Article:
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United States Department of Agriculture

Agricultural Research Service

Research Project: DEVELOP, ENHANCE AND TRANSFER GIN TECHNOLOGY TO IMPROVE FIBER QUALITY AND PROFITS Title: Yield and Fiber Properties Associated with Narrow-Row and Twin-Row Planting

Authors
item Boykin Jr, James
item Reddy, Krishna

Submitted to: National Cotton Council Beltwide Cotton Conference
Publication Type: Abstract Only
Publication Acceptance Date: January 19, 2010
Publication Date: April 30, 2010
Repository URL: http:////www.cotton.org/beltwide/proceedings/2005-2010/data/conferences/2010/papers/10518.pdf#page=1
Citation: Boykin Jr, J.C., Reddy, K.N. 2010. Yield and Fiber Properties Associated with Narrow-Row and Twin-Row Planting [abstract]. National Cotton Council Beltwide Cotton Conference. CD ROM p. 585.

Interpretive Summary: Increasing crop yield is one of the primary objectives in keeping U.S. cotton farmers competitive in the world market. It is also important that cotton is processed efficiently while maintaining the quality demanded by the domestic and foreign consumers. Planting crops in alternate row patterns such as twin-row or narrow-row has been shown to reduce seeding rates and costs, maximize utilization of space with increased plant root spacing, improve interception of light, improve canopy closure, and increase yields. The purpose of this experiment was to compare yield and fiber properties for cotton in narrow-row (15-in solid) and twin-row (10-in paired) at different plant populations to those in conventional 40-in rows at a standard plant population. Test plots were planted two years in non-irrigated and irrigated fields near Stoneville, MS. Significant increases in lint yield were found in 15-in solid rows with plant populations at or slightly below that of the 40-in rows, but this was not found in the 10-in paired rows. Increased yields in the 15-in rows at lower plant populations were related to more open bolls harvested per plant in both the non-irrigated and irrigated experiment. No differences were found for HVI fiber properties (length, micronaire, strength, uniformity, Rd, B, or Trash) in comparing treatments to 40-in rows for either the non-irrigated or irritated experiments, so increases seen in lint yield did not result in poorer fiber quality.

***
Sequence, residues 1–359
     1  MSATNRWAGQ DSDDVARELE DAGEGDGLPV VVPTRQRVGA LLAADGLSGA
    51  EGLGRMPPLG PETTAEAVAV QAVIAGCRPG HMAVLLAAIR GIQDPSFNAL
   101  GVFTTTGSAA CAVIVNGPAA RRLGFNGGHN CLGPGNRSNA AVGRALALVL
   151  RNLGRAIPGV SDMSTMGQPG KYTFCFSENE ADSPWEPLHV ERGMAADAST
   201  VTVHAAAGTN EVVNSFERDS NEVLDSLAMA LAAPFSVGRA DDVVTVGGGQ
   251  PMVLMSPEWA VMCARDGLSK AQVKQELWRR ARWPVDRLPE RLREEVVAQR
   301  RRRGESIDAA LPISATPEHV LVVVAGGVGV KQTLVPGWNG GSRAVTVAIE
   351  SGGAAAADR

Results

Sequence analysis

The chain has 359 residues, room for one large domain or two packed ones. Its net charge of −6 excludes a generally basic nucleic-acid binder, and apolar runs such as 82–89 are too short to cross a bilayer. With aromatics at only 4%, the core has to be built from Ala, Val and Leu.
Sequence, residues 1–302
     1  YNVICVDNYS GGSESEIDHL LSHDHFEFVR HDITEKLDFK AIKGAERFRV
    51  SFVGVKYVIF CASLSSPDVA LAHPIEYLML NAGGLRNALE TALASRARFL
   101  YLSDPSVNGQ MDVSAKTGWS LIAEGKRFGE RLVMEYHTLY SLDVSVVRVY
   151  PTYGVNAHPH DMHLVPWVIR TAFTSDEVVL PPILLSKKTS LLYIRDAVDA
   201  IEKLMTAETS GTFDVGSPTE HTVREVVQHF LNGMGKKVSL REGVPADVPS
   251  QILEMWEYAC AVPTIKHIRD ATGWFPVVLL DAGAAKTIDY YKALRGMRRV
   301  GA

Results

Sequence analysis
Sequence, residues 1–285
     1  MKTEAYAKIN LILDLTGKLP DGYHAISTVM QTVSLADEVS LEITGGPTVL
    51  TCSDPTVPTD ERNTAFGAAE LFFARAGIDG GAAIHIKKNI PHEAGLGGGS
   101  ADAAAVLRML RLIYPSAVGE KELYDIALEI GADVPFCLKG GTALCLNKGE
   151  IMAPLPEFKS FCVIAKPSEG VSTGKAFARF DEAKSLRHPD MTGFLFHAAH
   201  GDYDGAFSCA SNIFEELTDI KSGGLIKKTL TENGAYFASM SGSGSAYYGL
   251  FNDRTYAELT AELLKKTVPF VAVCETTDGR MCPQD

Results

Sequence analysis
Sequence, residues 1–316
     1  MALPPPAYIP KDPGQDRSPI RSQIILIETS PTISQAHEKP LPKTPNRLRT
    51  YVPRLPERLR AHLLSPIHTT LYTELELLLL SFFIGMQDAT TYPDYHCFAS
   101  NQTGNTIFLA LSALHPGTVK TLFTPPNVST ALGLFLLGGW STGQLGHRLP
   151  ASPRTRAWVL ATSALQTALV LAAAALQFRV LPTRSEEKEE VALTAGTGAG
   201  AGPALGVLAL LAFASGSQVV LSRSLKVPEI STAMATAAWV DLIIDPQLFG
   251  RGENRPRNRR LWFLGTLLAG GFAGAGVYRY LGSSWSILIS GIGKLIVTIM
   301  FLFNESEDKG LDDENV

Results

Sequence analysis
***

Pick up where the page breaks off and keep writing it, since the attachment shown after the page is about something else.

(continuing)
Technical Abstract: Planting crops in alternate row patterns such as skip row, twin-row, or narrow-row, in comparison to conventional row patterns, has been shown to reduce seeding rates and costs, maximize utilization of space with increased plant root spacing, improve interception of light, improve canopy closure, and increase yields. The objective of this experiment was to compare yield and HVI fiber properties for cotton in narrow-row (15-in solid) and twin-row (paired 10-in on 40-in beds) at different plant populations to those in conventional 40-in rows at a standard plant population. The variety, DP164B2RF was planted in plots which were 13-ft wide by 80-ft long for non-irrigated and irrigated fields of Dundee silty clay loam and Dundee silt loam soils, respectively, near Stoneville, MS. The two experiments were conducted in 2006 and 2007 and included the same eleven treatments: 15-in solid rows with five target plant populations (30k, 40k, 50k, 60k, and 80k plants/ac); 10-in paired rows with five target populations (same as 15-in rows); and 40-in solid rows with a target population of 40k plants/ac in a randomized complete block design with four replications for each treatment. Yield and lint quality samples were hand-picked from 1-m of row from the two center rows at 3 locations (sub-samples) within each plot. The samples were ginned on a 10-saw Continental gin stand. The actual plant populations in the non-irrigated experiment were determined at harvest to range from 43k to 87k plants/ac in the 15-in rows, 40k to 88k plants/ac in the 10-in paired rows, and 51k plants/ac in the 40-in rows. Lint yields were 32% higher for 15-in rows at 43k plants/ac in comparison to the 40-in rows, but significant differences were not found for the 10-in paired rows. The actual plant populations in the irrigated experiment were determined at harvest to range from 38k to 89k plants/ac in the 15-in rows, 36k to 79k plants/ac in the 10-in paired rows, and 51k plants/ac in the 40-in rows. Lint yields were 32% higher for 15-in rows at 42k plants/ac in comparison to the 40-in rows, but significant differences were not found for the 10-in solid rows. Increased yields in the 15-in rows at lower plant populations were related to more open bolls harvested per plant in both the non-irrigated and irrigated experiment. No meaningful significant differences were found for HVI properties (length, micronaire, strength, uniformity, Rd, B, or Trash) in comparing treatments to 40-in rows for either the non-irrigated or irritated experiments. In summary, significant increases in lint yield were found in 15-in solid rows with plant populations at or slightly below that of the 40-in rows. This increase in lint yield did not result in poorer fiber quality.

Last Modified: 10/24/2014
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